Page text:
43. “Heart Like a Wheel” (album)—Linda Ronstadt (1974)
In the 1970s, a decade which saw the ascendance of singer-songwriters, Linda Ronstadt was a bit of an anomaly. Primarily an interpreter, she was blessed with excellent taste in song selection and the talent to put her own stamp on each of her covers. Ronstadt’s fifth solo album, “Heart Like a Wheel,” continued her tradition of eclecticism and contained covers of songs by Hank Williams, Paul Anka, and Little Feat’s Lowell George. “Heart” also shows a keen ear for new material, such as the achingly beautiful title track by Anna McGarrigle. What made “Heart Like a Wheel” different from Ronstadt’s previous efforts was the addition of producer Peter Asher, who had been crucial to the career of James Taylor, and the addition of Andrew Gold, who not only arranged the music, but also played several instruments on the album sessions.
45. “Sweeney Todd” (album)—Original Cast Recording (1979)
In reviewing the cast album for “Sweeney Todd,” critic John Rockwell characterized Stephen Sondheim’s work as “complex mosaics, built up of bits and pieces of tunes.” The recording, Rockwell suggested, allows a listener a better chance to more fully appreciate such construction than a spectator in the theater, where elements of the production vie with music for attention. A moral tale presented in the form of a horror story—a wronged barber partners with an amoral businesswoman to make meat pies out of clients—the show ultimately dramatizes the value of human life. Thomas Z. Shepard, the record’s producer, stated that he conceived of this work “to a large degree, as re-creating an old-time radio program. … You should be able to close your eyes and get a fairly satisfying dramatic experience.” Known for the meticulousness with which he oversaw recordings of his shows, Sondheim contributed greatly during “Sweeney’s” recording session. Upon listening to the final product, he was moved to tears.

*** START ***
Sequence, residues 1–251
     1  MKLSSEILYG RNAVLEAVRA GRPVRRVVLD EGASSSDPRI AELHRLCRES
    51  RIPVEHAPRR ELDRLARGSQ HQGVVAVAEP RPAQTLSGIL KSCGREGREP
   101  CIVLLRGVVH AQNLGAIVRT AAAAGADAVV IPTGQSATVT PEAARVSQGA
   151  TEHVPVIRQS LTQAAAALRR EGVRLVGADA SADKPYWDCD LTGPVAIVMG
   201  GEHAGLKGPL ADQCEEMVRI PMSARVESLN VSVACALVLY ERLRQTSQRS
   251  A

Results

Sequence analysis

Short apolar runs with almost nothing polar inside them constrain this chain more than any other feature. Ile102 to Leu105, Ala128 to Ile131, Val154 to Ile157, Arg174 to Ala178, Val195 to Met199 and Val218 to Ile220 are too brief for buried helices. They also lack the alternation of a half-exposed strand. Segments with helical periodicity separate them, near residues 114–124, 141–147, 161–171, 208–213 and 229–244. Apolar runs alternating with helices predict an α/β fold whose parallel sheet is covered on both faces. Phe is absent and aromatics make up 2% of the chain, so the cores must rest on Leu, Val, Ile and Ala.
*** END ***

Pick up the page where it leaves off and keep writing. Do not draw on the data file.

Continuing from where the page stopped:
47. “The Joshua Tree” (album)—U2 (1987)
Brian Eno, co-producer and creative guru for this album, has stated that “Joshua Tree” erupted from the creative tension existing in the music of the time—between the “revolutionary form of passionate agitprop art” enacted by punk groups like The Clash and the robotic electronic pop of bands like Kraftwerk. “Joshua Tree’s” passion and engagement were from punk; its overt electronic sounds were from synth pop, but with the latter genre’s careful calculation replaced here by “the sound of machinery being pushed to its limits.” In this case, the specific machinery being tortured is The Edge’s amplifier on “Bullet the Blue Sky.” It is driven by slide guitar and excessive gain in order to emit controlled feedback that manages aptly to serve the song’s melody and anti-colonial lyrics. Elsewhere, most notably on the songs “Where the Streets Have No Name” and “With or Without You,” the guitarist perfects the chiming delayed guitar sound that syncs the rhythm section and complements Bono’s impassioned vocals. This combination would henceforth form the band’s signature sound and the album on which it gelled remains an enduring classic.